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Law and Order in LondonCrime and Punishment: Captain John Sutherland
Posted on Dec 31, 2004 - 06:06 AM by Bill McCann

CAPTAIN JOHN SUTHERLAND Commander of the British Armed Transport, The Friends. Executed at Execution dock, on the Banks of the Thames, 29th of June, 1809, for the Murder of his Cabin-Boy.



Newgate

AT the Admiralty Sessions, on Friday, the 22nd of June, 1809, before Sir William Scott, President, and Sir Nash Grose, one of the judges of the Court of King's Bench, John Sutherland stood capitally indicted for the wilful murder of William Richardson, a boy thirteen years old, on the previous 5th of November, on board a British transport ship, named The Friends, of which the prisoner was captain, in the River Tagus, and within the jurisdiction of the High Court of Admiralty.

Sir Christopher Robinson stated the case on the part of the Crown. The first witness called was John Thompson, a negro mariner, who, being sworn and examined by the Attorney- General, stated that he was a seaman on board The Friends, in the Tagus, at anchor about a mile from Lisbon, on the 5th of November; that he had been, about a month previously, engaged by the prisoner, in Lisbon; that on the day above stated the captain and mate were on shore, as were also the other two seamen belonging to the ship's crew, and no person left on board but himself and the deceased, a boy of thirteen, who usually attended on the prisoner. About eight o'clock in the evening the prisoner came on board, and immediately went down to his cabin, and called the deceased down to him.

A few minutes afterwards the deceased came upon deck and told the witness to go down also, which he did. The Captain asked him how it could be managed to keep watch on deck for the night, the mate and the other two seamen being on shore. The witness answered he could keep watch until twelve o'clock. The prisoner agreed to this, and desired the witness to be sure to call him at twelve, and in the meantime not to suffer any boat to come alongside without letting him know. He then desired the witness to go on deck and send down the boy, which he did. About five minutes afterwards witness heard the boy cry out loudly to him; he called him by his name, Jack Thompson. The witness did not go down immediately, for he supposed the Captain was only beating the boy, as usual. The boy continued to call out loudly several times; and at last the witness went down, and saw the Captain standing over the boy, with a naked dirk or dagger in his hand, which he waved to and fro.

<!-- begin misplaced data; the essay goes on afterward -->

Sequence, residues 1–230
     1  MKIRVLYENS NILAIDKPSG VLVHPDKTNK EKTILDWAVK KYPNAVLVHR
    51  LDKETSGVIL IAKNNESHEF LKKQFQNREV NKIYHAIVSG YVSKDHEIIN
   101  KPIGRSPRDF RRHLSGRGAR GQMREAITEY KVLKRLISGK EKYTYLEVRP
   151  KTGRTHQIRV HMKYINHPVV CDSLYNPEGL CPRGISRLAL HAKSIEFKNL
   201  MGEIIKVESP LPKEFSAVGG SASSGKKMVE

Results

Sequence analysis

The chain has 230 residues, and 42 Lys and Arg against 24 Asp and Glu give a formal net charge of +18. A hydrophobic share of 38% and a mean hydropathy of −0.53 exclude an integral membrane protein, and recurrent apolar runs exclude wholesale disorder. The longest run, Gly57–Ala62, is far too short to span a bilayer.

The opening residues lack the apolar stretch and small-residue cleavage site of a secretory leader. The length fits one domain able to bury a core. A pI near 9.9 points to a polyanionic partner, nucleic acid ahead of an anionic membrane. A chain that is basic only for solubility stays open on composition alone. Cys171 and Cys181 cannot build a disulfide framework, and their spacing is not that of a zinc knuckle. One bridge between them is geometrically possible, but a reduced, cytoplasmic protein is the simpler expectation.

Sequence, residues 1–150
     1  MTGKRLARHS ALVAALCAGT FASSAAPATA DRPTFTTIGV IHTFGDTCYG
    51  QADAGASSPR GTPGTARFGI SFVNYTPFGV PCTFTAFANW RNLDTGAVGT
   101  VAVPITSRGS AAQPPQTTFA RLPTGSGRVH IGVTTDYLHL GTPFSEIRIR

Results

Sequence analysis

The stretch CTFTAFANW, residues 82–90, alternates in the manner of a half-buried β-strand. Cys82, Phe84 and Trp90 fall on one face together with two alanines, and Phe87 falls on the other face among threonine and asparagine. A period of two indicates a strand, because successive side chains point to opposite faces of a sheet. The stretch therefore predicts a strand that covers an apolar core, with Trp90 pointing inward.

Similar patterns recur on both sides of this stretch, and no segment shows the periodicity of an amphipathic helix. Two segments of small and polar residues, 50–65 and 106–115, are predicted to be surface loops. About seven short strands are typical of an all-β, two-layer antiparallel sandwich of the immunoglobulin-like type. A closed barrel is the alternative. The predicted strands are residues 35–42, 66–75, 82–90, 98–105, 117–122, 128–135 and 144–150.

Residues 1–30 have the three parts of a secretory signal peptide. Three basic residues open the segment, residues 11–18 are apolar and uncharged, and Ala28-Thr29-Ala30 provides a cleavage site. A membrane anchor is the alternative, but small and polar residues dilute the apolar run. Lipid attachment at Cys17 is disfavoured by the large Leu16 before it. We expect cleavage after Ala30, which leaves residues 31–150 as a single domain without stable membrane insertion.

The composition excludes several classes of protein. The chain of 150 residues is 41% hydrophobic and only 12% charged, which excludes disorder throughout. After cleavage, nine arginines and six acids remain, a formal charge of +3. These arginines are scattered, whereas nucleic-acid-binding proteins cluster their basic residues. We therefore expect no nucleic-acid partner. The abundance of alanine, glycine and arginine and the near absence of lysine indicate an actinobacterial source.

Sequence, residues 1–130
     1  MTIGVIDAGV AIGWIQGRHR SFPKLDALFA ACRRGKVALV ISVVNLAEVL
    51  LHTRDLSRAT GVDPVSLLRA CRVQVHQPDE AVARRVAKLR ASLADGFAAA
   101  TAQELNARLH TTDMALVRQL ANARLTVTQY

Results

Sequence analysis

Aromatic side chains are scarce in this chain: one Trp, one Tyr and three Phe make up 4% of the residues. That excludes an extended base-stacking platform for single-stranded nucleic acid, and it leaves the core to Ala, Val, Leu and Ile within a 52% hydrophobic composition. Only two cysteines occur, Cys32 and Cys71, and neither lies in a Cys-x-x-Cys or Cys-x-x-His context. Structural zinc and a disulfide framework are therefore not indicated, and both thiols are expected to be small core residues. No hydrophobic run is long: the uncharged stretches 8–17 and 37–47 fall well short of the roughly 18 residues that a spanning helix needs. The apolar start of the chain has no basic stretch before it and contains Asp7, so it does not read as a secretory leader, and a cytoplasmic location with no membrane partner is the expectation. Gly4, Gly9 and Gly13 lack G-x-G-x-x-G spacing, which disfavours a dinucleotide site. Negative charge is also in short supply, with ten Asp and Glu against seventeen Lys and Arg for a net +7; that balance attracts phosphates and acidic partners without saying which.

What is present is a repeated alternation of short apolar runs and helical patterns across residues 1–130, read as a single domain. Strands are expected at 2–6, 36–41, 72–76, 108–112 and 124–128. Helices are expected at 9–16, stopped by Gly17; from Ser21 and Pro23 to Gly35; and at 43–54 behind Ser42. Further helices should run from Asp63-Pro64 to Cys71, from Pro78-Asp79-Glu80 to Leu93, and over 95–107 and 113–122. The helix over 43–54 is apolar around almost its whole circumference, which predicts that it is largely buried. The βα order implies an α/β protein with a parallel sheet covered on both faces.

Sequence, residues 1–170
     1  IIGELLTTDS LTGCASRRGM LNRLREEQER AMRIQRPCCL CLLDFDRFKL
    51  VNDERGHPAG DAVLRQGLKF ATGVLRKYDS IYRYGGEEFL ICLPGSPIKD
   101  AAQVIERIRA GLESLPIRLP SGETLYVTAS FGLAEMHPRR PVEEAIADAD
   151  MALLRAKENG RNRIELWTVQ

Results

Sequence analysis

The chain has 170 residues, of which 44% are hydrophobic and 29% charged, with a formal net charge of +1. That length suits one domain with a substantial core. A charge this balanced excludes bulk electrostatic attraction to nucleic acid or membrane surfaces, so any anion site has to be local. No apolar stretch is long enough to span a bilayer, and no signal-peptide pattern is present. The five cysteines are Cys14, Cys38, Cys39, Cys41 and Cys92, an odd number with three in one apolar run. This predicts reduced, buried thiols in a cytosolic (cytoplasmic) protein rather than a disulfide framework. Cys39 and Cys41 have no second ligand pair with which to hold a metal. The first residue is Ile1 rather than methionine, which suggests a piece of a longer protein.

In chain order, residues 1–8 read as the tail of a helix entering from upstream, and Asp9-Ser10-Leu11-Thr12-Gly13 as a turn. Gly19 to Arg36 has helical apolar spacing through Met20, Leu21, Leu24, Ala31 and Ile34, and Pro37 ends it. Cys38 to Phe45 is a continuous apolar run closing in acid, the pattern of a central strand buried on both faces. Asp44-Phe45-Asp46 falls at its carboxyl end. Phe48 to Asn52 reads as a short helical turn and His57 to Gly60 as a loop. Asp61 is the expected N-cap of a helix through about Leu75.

The boy was lying on the cabin floor, and he immediately said to the witness:

"Jack Thompson, look here: here Captain Sutherland has stabbed me";
and immediately lifted up his shirt and showed him a bleeding wound upon the left side of his belly, near his groin, and his entrails hanging out. The prisoner said nothing at the moment; he heard what the boy said. On the witness turning about to leave the cabin the prisoner said to him:
"Jack, I know I have done wrong."
The witness, who was not above three minutes in the cabin, answered:
"I know very well you have ";
and immediately returned to the deck and hailed the next ship to him, which was the Elizabeth transport, for assistance.

The Elizabeth not being able to send a surgeon, the prisoner insisted on going ashore with witness and finding one. There a British and a Portuguese soldier came up to them, to whom the witness told what had happened. The Captain then came back with the witness to the ship. When they came on board they found that two surgeons had been there, dressed the wounds of the deceased, and put him into bed. He was removed the next morning on board the Audacious, as were also the prisoner and the witness. At the time Captain Sutherland came on board, after going to seek the surgeon, the mate, who had meanwhile returned, asked him what he had to do with such a weapon - referring to the dirk.

The prisoner answered that he would never hurt anybody else with it, and then threw the dirk overboard. After the witness was on board the Audacious he heard the prisoner say to the deceased he was very sorry for what he had done; but he did not hear the deceased make any answer. He heard him repeat his sorrow at another time. The witness was on board the Audacious when the boy died, nine days afterwards.

Other witnesses were called, and the jury, after a short consultation, returned their verdict of guilty. Sir William Scott then passed upon him the awful sentence of the law, which was, that he be hanged at Execution dock, and his body afterwards delivered to the surgeons for dissection. The unhappy man, who had a wife and five children, retired from the bar greatly agitated, and was so overcome as to require the support of the attendants. He was about forty years old. At the rising of the Court Sir William Scott signified to the sheriffs that the execution must necessarily be deferred until the following Thursday, on account of the state of the tide. On that day, accordingly, this unfortunate man was launched into eternity.

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Notes
The complete text of the Newgate Calendar is available online here.


 

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